Eric Hutchinson is an international platinum-selling singer, songwriter and performer. He independently recorded his debut album Sounds Like This in 2007 and it became the highest charting album by an unsigned artist in iTunes history. Eric’s 2008 single “Rock & Roll” earned him his first gold record in the United States and the song became a #1 hit in Australia, New Zealand & Norway.
Eric has traveled the world performing his music in places like Dubai, Oslo, London and Melbourne. He has performed in all 50 states in America, touring with artists such as Kelly Clarkson, Jason Mraz and OneRepublic. Eric has appeared on "The Today Show", “The Tonight Show,” “Jimmy Kimmel Live”, “Conan”, and the Macy’s Thanksgiving Day Parade on NBC.
Eric is the creator of "Songversations", a music listening card game, released by Abrams Books in Fall 2017.
Eric lives in New York City and is an advocate for the Myotonic Dystrophy Foundation, Operation Smile and The Big Brothers Big Sisters of America.
ERIC HUTCHINSON - EASY STREET
by james campion
If there is an overriding theme to Eric Hutchinson’s career, it is his relentless pursuit of the kind of feel-good music that will make his fans dance and sing while still managing to ponder the beauty and humor that comes from fully experiencing life. This journey had come to a crossroads this past year, as the 35 year-old singer/songwriter/performer changed management, stripped down his sound and embraced the mantle of producer, all the while spending months working on his fourth studio album, Easy Street.
A collection of penetratingly honest songs, Easy Street is a musical snapshot of perseverance and musical maturity brimming with superb melodies and contagious rhythms. It is also a reckoning with the inevitability of Hutchinson’s own evolution as an artist and a man.
“I see this new album as an embrace of change,” says Hutchinson. “I guess you can say I grew up a traditionalist – worrying about things changing and wanting to keep them the same. But once I realized that things change no matter what, there’s comfort in that; embracing immediately that it takes me a little while to get used to things… and then I usually like them.”
Change for Hutchinson also meant letting go of the reins in the writing and recording process, which is especially prevalent on the album’s first single, “Anyone Who Knows Me”, a wonderfully crafted and stirringly melodic ballad of trying to find love within and without.
“I was stuck writing the song, so I just put it away and when I came back to it, it was like somebody else had sent it to me to work on, and I thought, ‘Okay, cool; I’ll build on top of whatever this guy was doing.’ It felt like co-writing with myself, which was fun.”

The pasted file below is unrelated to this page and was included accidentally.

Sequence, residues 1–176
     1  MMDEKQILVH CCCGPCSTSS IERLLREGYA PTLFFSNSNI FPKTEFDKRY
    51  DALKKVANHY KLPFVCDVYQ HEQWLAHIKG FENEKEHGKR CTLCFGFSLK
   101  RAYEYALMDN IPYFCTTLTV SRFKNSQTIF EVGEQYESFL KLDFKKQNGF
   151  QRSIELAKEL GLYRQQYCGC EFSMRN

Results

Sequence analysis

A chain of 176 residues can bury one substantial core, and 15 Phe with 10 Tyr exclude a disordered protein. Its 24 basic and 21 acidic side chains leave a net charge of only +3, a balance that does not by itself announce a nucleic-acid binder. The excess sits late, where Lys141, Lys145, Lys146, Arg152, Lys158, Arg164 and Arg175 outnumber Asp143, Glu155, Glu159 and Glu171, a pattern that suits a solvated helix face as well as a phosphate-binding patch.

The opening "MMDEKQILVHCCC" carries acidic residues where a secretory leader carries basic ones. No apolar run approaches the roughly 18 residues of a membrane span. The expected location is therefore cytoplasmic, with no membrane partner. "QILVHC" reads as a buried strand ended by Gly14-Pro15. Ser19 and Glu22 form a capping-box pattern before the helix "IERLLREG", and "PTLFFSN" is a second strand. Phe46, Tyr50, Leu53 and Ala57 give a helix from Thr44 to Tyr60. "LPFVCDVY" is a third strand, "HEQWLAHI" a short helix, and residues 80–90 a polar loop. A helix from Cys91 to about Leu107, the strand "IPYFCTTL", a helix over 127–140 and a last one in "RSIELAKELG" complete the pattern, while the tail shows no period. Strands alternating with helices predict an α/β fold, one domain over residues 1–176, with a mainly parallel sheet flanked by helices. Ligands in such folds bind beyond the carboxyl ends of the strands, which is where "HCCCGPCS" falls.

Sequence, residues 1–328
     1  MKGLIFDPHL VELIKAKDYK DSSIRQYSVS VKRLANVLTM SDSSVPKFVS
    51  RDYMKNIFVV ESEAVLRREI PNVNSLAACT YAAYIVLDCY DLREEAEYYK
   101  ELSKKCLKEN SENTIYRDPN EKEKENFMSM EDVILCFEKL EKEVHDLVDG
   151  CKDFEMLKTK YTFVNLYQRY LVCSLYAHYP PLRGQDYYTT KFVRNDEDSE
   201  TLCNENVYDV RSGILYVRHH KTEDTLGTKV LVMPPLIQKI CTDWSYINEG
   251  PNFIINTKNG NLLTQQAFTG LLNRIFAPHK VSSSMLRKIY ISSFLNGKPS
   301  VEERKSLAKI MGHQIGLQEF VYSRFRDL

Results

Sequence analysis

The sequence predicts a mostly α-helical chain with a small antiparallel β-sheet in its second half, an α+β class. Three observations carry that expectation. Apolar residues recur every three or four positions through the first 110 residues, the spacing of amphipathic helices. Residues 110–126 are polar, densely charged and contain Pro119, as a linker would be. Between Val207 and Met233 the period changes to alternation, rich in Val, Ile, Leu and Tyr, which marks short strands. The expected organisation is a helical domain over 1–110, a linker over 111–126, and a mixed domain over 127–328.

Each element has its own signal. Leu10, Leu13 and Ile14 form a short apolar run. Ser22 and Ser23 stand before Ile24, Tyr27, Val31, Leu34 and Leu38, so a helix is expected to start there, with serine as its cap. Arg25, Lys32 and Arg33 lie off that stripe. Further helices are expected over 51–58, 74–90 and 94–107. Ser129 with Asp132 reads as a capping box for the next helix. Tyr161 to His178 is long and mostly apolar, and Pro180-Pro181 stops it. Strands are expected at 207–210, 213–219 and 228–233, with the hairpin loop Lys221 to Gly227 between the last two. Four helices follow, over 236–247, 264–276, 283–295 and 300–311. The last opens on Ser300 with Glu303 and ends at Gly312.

Another challenge for Hutchinson on Easy Street was his role as sole producer, as he had to make all of the final decisions. “In the early days I always felt like I had to do everything myself,” he says. “This time I said, ‘I’m producing this, so why not let Elliott (longtime touring bandleader, Elliott Blaufuss) play the piano, because he plays it a little better than I might. It was nice to have that confidence that it’s still my music, whoever plays it. That was a big change for me.”
Easy Street is arguably Hutchinson’s most insightful and in some ways autobiographical work, which manages to balance the profound concepts of evolving and acceptance into a relatable sonic expression. “Things are gonna change, but change is better than you thought” he sings in the strikingly confessional “Dear Me” that opens the album, setting the stage for this creative catharsis. “See my reflection now in all of the trends/in isolation with the words of my friends” he sings with stark resonance in “Bored to Death”, a song that dissects a world view set against personal and satirical introspection.
In fact, each song on Easy Street is a study in personal, professional and generational divides; including the seemingly airy if not catchy pop of “Lost in Paradise” that speaks to the wanderer in us all. Hutchinson also plays with music biz preconceptions, specifically facing the gnawing guilt over success in “Good Rhythm” or his escaping the shadow of his musical heroes to forge his own unique voice in “Same Old Thing”.
“When I was growing up I thought, ‘I’ll never be my heroes’,” he admits. “And with this album I say ‘I don’t want to be my heroes. I want to be me.’”